Volume 597, January 2017
|Number of page(s)||15|
|Section||Interstellar and circumstellar matter|
|Published online||19 December 2016|
A search for pre- and proto-brown dwarfs in the dark cloud Barnard 30 with ALMA
1 Dpto. Astrofísica, Centro de Astrobiología (INTA-CSIC); ESAC campus, Camino bajo del Castillo s/n, Urb. Villafranca del Castillo, 28692 Villanueva de la Cañada, Spain
2 European Southern Observatory, 3107 Alonso de Córdova, Vitacura, Santiago, Chile
3 Joint ALMA office, 3107 Alonso de Córdova, Vitacura, Casilla 19001, Santiago 19, Chile
4 Instituto de Radioastronomía y Astrofísica, Universidad Nacional Autónoma de México, PO Box 3-72, 58090 Morelia, Michoacán, México
5 Departamento de Física y Astronomía, Facultad de Ciencias, Universidad de Valparaíso, Av. Gran Bretaña 1111, 5030 Casilla, Valparaíso, Chile
6 ICM nucleus on protoplanetary disks, Universidad de Valparaíso, Av. Gran Bretaña 1111, Valparaíso, Chile
7 Dpto. de Astronomía, Universidad de Chile, 1515 Camino del Observatorio, Santiago, Chile
8 Institute of Astronomy and Astrophysics, Academia Sinica, 11F of Astronomy-Mathematics Building, AS/NTU. No. 1, Sec. 4, Roosevelt Rd, Taipei 10617, Taiwan
9 Unidad Asociada Astro-UAM, UAM, Unidad Asociada CSIC, Universidad Autónoma de Madrid, Ctra. Colmenar km 15, 28049 Madrid, Spain
10 Institut de Planétologie et d’Astrophysique de Grenoble, UMR 5274, BP 53, 38041 Grenoble, Cedex 9, France
Received: 14 March 2016
Accepted: 21 September 2016
Context. The origin of brown dwarfs is still under debate. While some models predict a star-like formation scenario, others invoke a substellar mass embryo ejection, a stellar disk fragmentation, or the photo-evaporation of an external core due to the presence of massive stars.
Aims. The aim of our work is to characterize the youngest and lowest mass population of the dark cloud Barnard 30, a region within the Lambda Orionis star-forming region. In particular, we aim to identify proto-brown dwarfs and study the mechanism of their formation.
Methods. We obtained ALMA continuum observations at 880 μm of 30 sub-mm cores previously identified with APEX/LABOCA at 870 μm. We have complemented part of the ALMA data with sub-mm APEX/SABOCA observations at 350 μm, and with multi-wavelength ancillary observations from the optical to the far-infrared (e.g., Spitzer, CAHA/O2000, WISE, INT/WFC).
Results. We report the detection of five (out of 30) spatially unresolved sources with ALMA, with estimated masses between 0.9 and 67 MJup. From these five sources, only two show gas emission. The analysis of multi-wavelength photometry from these two objects, namely B30-LB14 and B30-LB19, is consistent with one Class II- and one Class I low-mass stellar object, respectively. The gas emission is consistent with a rotating disk in the case of B30-LB14, and with an oblate rotating envelope with infall signatures in the case of LB19. The remaining three ALMA detections do not have infrared counterparts and can be classified as either deeply embedded objects or as starless cores if B30 members. In the former case, two of them (LB08 and LB31) show internal luminosity upper limits consistent with Very Low Luminosity objects, while we do not have enough information for LB10. In the starless core scenario, and taking into account the estimated masses from ALMA and the APEX/LABOCA cores, we estimate final masses for the central objects in the substellar domain, so they could be classified as pre-BD core candidates. According to the turbulent fragmentation scenario, the three ALMA pre-BD core candidates should be gravitationally stable based on APEX/LABOCA data. However, this result is not consistent with the presence of compact sources inside the cores, indicative of on-going collapse. As an alternative scenario we propose that these cores could be the result of on-going gravitational contraction. Indeed, we have verified that their estimated masses are consistent with the ones expected within an ALMA beam for a r-2 density profile, which is typical for a collapsing core.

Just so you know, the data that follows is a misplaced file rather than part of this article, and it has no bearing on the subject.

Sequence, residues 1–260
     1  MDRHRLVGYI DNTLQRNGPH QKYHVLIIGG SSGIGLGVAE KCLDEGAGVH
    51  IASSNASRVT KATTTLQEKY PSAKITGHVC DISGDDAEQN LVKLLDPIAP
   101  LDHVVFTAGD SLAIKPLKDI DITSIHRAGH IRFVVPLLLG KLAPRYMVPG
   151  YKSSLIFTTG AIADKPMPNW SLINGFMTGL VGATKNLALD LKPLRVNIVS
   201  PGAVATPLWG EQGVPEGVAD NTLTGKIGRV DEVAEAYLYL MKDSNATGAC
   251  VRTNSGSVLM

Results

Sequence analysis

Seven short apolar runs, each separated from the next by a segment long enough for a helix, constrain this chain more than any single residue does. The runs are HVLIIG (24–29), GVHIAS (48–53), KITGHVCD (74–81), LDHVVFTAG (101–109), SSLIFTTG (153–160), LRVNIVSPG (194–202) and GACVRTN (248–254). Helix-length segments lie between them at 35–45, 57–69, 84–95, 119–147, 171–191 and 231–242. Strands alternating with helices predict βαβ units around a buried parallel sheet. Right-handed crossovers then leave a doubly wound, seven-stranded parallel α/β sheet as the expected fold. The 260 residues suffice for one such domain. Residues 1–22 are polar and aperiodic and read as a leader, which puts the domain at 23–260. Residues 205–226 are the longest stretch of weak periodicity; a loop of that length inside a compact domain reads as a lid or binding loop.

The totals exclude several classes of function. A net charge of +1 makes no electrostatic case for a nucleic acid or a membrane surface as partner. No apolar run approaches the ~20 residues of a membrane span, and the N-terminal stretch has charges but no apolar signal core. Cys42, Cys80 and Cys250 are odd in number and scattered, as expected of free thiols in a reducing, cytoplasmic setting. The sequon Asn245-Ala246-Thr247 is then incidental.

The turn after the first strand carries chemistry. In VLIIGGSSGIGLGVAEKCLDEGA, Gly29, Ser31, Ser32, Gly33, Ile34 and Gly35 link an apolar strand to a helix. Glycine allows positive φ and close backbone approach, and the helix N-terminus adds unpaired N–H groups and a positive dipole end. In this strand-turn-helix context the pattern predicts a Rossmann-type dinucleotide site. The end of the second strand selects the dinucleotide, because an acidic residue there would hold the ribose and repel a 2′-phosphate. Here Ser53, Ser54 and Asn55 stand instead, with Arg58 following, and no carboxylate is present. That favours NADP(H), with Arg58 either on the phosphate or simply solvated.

Conclusions. ALMA observations have allowed us to detect very low-mass compact sources within three APEX/LABOCA cores. Future observations will help us to unveil their true nature.
Key words: brown dwarfs / stars: formation / techniques: interferometric / radio continuum: general
© ESO, 2016
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